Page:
Once again, Canada’s milk ingredients policy received much attention from members. Australia, the EU, New Zealand and the US questioned Canada on its special milk class permit programme, which had been circulated by the Canadian Dairy Commission in February 2017. These members argued that the measure would allow subsidised skimmed milk to be used as an ingredient for cheese, and thus render domestic milk proteins cheaper than imported milk proteins.
Canada provided details on the implementation of the policy, noting that the decision to create the dairy ingredient strategy was driven by the industry.
Also, Canada’s cheese import tariff rate quota allocation once again received much interest. A tariff rate quota is a trade policy instrument where tariffs are lower for within-quota imports than tariffs on imports exceeding the quota. New Zealand, Norway and Switzerland said that Canada allocated additional import quota to the EU in the context of the EU-Canada Comprehensive Economic and Trade Agreement (CETA) negotiations, without consulting its trading partners. Canada said the reallocation was due to the enlargement of the EU, and it had held consultations with importers to decide the amount.
For the first time, the question of Brexit was discussed at the Committee. Indonesia asked the European Union to clarify how the United Kingdom intends to allocate its tariff rate quotas for agriculture products, and what would be the procedure to grant the generalized scheme of preferences to developing countries. The United States, Argentina, China and Russia signalled their interest in this matter.
In a brief response, the EU said that the EU common external trade policy applies to all its member states and the UK is still a member of the EU. It would provide a more substantive reply in due course.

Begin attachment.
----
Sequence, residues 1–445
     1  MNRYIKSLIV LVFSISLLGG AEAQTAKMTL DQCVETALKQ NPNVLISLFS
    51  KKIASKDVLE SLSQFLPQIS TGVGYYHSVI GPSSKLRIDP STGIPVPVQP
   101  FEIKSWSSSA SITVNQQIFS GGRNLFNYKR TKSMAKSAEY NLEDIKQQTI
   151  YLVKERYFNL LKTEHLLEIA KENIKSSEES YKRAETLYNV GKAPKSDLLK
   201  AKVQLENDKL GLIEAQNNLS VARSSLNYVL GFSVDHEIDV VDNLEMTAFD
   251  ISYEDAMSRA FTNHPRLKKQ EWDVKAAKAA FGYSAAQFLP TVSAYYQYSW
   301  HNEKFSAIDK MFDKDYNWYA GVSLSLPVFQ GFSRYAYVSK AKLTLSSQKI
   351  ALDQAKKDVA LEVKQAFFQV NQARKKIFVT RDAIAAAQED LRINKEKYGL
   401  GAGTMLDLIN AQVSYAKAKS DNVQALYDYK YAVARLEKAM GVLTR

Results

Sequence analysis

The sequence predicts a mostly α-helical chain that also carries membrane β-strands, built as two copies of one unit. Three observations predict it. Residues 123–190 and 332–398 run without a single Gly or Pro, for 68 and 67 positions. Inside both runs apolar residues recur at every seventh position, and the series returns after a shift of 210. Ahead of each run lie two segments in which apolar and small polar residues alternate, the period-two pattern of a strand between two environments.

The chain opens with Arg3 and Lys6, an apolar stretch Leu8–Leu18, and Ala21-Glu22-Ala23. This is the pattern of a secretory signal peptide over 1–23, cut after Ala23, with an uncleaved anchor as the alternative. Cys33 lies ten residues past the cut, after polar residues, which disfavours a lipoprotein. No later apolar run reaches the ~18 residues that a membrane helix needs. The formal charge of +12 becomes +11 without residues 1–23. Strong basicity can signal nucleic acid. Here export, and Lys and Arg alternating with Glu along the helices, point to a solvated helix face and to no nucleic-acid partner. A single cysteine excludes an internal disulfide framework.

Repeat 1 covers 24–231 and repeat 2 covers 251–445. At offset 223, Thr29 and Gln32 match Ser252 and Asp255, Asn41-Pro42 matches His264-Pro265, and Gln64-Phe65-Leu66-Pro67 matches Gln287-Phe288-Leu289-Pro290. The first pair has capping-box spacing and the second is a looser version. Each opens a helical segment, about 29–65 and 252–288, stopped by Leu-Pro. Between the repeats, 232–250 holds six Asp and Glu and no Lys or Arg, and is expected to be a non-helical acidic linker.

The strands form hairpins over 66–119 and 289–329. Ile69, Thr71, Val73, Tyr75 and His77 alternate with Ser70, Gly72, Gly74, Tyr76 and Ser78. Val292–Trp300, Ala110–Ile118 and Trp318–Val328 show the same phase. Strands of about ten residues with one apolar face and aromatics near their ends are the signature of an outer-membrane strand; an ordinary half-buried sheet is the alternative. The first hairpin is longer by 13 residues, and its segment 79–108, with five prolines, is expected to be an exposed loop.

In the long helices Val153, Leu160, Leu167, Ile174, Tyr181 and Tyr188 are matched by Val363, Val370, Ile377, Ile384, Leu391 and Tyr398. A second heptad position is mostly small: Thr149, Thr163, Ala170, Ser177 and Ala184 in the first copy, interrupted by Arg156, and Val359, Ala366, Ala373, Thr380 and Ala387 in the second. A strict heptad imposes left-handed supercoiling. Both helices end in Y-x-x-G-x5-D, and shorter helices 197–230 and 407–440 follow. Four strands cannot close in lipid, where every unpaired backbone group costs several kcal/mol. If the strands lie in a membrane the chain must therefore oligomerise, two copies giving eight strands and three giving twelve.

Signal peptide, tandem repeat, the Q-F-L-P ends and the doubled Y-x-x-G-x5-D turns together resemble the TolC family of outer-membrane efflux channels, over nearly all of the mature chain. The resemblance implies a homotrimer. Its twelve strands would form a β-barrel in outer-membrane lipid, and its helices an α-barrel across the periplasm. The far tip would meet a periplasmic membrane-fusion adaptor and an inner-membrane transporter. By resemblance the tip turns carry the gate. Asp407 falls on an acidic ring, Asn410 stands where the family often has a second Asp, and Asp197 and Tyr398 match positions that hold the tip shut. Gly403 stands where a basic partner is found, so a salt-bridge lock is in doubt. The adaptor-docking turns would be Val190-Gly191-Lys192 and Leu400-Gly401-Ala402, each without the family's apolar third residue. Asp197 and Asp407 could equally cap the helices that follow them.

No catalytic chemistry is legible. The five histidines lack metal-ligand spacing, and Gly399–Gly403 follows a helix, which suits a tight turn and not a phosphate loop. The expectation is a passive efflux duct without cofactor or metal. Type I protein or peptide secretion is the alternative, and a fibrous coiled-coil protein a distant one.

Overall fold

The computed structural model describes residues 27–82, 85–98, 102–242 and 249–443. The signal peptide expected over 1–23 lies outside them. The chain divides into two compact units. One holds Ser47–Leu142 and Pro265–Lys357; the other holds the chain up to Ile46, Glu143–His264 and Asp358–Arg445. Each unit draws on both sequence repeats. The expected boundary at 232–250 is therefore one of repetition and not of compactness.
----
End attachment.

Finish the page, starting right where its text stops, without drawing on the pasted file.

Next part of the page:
Switzerland: Export subsidies
Switzerland responded to questions on its 2016 budget for export subsidies, as well as its export subsidies notification for 2015. In those notifications, Switzerland had reported an increase in export subsidies to “processed products” — specifically for Swiss chocolate producers using Swiss-produced ingredients, known as the “Chocolate Law”. Switzerland said the increased budget was due to the appreciation of the Swiss franc in January 2015, and the notified amount was substantially below Switzerland’s entitlements.
New Zealand recalled the 2013 Bali ministerial decision and 2015 Nairobi ministerial decision to scrap export subsidies, which calls for all WTO members to “exercise utmost restraint with regard to any recourse to all forms of export subsidies and all export measures with equivalent effect”. The EU, the US and Ukraine registered their interest in this matter.
Even though “processed products” fall outside of the legally binding commitment to eliminate export subsidies, members encouraged Switzerland to abolish the export subsidies at the earliest possible date.
Implementation of the Nairobi export competition decision
Members shared updates of how they have implemented the Nairobi export competition decision.
Australia informed members that it had submitted its revised schedule of commitments on 17 February 2017, scrapping its entitlement for agriculture export subsidies. Norway said it is also following domestic procedures to revise its schedule.
Under the same agenda item, New Zealand answered a question by Chile on the progress of proposed amendments to the Kiwifruit Export Regulations, to enhance Kiwifruit New Zealand’s status as an independent regulator. New Zealand informed members that amendments are expected to be implemented by 1 July 2017. – WCO